I’ve talked quite a bit in the past about the turning point that the year 2004 represented in the video game business. To recap, in that year the internet revolution finally rocked the game business to its core, with electronic distribution and new business models reaching mainstream acceptance. Between the release of World of Warcraft, the launch of Half Life 2 through Steam, the Shanda, TenCent and JAMDAT IPOs, and several other events, 2004 was a watershed year for the industry. I’ve argued that the nature of value creation in the video game business, traditionally grounded on intellectual property ownership and retail distribution, was forever disrupted.
But something else of great importance happened in 2004 that often gets overlooked in critical reviews of the business. It was much more subtle and easy to miss — a publisher launched a super high quality product and offered it for sale at a very low price. This relatively small act of busting the pricing cartel and using QPR (quality/price ratio) as a competitive weapon had profound implications for one of the industry’s great companies.
The game was Sega/Take-Two’s ESPN NFL 2K5. This American football simulation, developed by Visual Concepts, was first launched on the Sega Dreamcast in 1999. It was considered innovative, but hampered by it’s exclusive association with Sega’s poorly-accepted hardware platform. In 2001, the franchise went multi-platform, and in 2003 added the ESPN branding to its NFL license. Sega aimed the product directly at one of the most popular and successful video games of all time, EA Sports John Madden NFL Football, with limited results. In 2003, Madden outsold 2K4 over 10-to-1.
In 2004, Sega agreed to co-publish 2K5 with Take-Two. The companies, faced with a daunting entrenched competitor but possessing a high quality product, took an innovative approach: they offered the game at retail for $19.99, less than half the price of Madden. And they sold boatloads. They went from less than 10% unit share of the football category, to well over 30%, and expanded the overall market.
The success of the 2K5 strategy provoked an extremely aggressive response from EA. By the end of December 2004, EA announced a five year exclusive licensing arrangement with the NFL and the NFL Players’ Association. By the end of January 2005, they added a 15 year deal with ESPN, effectively stripping the 2K franchise of its branding (and most of it’s legitimacy as a football simulation).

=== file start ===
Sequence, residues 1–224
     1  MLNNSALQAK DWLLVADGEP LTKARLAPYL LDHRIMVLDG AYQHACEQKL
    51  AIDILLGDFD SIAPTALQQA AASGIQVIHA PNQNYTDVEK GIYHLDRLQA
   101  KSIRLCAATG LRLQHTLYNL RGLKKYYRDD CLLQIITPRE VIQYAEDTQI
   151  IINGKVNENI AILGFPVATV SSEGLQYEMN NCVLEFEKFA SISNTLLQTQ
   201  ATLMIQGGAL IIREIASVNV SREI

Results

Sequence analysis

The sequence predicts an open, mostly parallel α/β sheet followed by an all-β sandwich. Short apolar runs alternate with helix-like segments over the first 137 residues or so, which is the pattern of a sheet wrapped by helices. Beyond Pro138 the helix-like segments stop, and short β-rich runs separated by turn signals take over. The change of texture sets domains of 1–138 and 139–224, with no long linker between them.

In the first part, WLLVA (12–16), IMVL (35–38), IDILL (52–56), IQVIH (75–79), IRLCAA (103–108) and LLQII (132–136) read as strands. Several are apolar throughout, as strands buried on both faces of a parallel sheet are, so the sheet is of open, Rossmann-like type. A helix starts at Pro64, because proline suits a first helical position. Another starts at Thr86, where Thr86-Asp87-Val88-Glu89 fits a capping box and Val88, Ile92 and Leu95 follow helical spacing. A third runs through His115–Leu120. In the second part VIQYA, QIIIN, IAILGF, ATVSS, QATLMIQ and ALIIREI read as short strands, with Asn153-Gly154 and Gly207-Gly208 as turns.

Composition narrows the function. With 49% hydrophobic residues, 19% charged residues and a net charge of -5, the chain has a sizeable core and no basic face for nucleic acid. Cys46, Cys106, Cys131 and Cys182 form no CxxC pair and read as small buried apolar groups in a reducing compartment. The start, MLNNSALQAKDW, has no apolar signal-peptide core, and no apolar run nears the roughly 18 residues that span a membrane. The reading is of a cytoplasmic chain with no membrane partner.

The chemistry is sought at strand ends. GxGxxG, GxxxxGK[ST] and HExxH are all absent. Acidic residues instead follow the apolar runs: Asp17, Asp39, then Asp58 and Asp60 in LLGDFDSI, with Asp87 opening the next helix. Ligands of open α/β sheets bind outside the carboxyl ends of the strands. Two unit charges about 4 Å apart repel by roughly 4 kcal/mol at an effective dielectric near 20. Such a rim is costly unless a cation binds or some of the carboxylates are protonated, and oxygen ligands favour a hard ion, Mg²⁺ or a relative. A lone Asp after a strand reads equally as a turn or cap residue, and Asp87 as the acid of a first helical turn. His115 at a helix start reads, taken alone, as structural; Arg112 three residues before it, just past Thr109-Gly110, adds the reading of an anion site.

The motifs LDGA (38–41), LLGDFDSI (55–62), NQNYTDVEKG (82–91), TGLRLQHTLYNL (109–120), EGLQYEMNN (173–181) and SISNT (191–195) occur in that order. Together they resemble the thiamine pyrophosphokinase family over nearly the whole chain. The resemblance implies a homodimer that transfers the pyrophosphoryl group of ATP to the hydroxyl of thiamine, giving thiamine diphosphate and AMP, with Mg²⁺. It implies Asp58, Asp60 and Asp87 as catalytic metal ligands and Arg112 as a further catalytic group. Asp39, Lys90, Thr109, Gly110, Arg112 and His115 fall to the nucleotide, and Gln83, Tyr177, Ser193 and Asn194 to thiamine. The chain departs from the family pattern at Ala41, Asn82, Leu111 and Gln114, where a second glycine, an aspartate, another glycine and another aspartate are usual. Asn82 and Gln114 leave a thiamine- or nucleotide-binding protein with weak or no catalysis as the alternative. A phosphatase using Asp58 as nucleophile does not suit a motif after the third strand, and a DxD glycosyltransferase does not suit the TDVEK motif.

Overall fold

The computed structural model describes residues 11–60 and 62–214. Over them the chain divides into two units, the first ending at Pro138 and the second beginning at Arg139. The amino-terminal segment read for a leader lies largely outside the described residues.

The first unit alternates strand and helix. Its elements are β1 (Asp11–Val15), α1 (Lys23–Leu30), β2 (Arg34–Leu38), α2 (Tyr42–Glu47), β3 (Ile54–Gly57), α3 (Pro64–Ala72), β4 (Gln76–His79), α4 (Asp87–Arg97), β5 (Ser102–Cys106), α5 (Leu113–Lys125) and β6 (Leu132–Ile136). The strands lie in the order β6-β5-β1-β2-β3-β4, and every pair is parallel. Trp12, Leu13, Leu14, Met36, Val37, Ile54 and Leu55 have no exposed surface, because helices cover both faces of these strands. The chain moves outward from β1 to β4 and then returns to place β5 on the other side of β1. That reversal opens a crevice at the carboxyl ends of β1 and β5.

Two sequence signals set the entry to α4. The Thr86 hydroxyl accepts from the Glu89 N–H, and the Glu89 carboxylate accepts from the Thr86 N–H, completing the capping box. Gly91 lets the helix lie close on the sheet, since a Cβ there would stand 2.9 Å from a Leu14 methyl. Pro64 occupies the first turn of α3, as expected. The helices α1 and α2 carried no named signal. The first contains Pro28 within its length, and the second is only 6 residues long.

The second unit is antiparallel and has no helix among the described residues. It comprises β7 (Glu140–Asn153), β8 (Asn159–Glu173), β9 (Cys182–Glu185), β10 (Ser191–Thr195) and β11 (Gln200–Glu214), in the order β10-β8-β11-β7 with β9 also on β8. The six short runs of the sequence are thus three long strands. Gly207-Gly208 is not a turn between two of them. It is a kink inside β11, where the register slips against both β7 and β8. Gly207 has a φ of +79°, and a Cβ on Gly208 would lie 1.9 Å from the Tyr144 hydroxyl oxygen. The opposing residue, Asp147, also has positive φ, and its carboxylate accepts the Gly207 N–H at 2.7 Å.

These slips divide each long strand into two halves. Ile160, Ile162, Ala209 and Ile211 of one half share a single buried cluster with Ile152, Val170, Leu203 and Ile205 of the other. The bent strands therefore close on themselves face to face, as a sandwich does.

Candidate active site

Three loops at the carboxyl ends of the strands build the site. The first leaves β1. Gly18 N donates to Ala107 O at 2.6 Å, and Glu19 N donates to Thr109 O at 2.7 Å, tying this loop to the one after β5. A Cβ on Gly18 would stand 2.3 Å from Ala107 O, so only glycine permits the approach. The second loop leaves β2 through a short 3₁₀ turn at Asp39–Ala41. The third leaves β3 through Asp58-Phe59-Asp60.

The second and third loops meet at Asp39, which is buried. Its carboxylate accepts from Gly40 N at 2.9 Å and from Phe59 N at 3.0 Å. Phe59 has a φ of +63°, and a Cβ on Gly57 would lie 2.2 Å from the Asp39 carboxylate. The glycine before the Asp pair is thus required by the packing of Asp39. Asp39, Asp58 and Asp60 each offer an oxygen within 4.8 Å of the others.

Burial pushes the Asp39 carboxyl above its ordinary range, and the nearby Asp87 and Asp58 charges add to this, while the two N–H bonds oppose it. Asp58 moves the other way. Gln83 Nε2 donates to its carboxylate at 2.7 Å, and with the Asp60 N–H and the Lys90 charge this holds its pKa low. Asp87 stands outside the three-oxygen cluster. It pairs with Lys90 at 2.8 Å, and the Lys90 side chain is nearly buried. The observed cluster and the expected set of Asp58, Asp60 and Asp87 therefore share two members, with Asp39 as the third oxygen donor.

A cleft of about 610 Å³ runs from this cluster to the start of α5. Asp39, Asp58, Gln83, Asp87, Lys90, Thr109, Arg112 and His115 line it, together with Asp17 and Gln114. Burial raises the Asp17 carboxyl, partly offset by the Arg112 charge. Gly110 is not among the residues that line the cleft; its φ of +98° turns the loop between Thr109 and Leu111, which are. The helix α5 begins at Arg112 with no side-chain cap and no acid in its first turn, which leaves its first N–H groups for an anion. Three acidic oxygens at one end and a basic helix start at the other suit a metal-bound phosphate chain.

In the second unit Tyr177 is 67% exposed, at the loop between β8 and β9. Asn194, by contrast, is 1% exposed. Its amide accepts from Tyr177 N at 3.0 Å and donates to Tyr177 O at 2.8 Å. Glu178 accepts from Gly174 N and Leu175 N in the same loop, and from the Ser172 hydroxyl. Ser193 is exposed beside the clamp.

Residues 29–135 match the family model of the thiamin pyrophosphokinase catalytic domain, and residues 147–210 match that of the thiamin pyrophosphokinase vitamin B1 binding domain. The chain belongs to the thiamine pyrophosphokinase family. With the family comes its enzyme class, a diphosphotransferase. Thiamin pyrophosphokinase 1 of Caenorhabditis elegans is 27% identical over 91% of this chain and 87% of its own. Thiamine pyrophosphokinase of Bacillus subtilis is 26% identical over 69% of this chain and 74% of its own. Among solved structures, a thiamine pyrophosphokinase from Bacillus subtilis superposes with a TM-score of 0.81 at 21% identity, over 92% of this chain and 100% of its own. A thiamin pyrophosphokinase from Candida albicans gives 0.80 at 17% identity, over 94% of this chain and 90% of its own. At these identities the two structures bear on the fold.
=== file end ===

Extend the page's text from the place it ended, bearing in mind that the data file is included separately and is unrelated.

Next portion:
But EA accomplished this at tremendous cost. At the time of the deal, there was speculation that EA paid in excess of $300MM for these rights. Let’s do some math. Let’s assume, for the sake of argument, that number is correct. It creates a royalty burden of $60MM per year for each of the five years of the deal, that must be amortized across units sold. Assuming 5 million units sold at $35 wholesale (it’s likely more units at a blended lower wholesale), that’s a royalty burden of $12 per unit, or over 33%. Based on my direct experience as an NFL/NBA/MLB licensee at JAMDAT, that’s almost twice what we paid for non-exclusive rights to the league and players’ association in a typical deal.
Play that out a little further. That’s over $25MM annually that would have dropped to EA’s bottom line, or around 8 cents per share. Just to give you a little perspective, EA earned 75 cents per share in fiscal ’06 and 24 cents per share in ’07. They lost $1.45 per share in fiscal ’08.
EA accomplished their goal of eliminating the 2K series as a competitive threat (in fact, they eliminated it as a product altogether), but at tremendous cost to profitability from one their most reliable profit contributors, Madden. At the time, the analysts lined up to praise the deal, assuming that EA knew what it was doing and that they could grow the football market to accommodate the increased royalties. But I wonder how many of them would think it was anything other than a Pyrrhic victory now.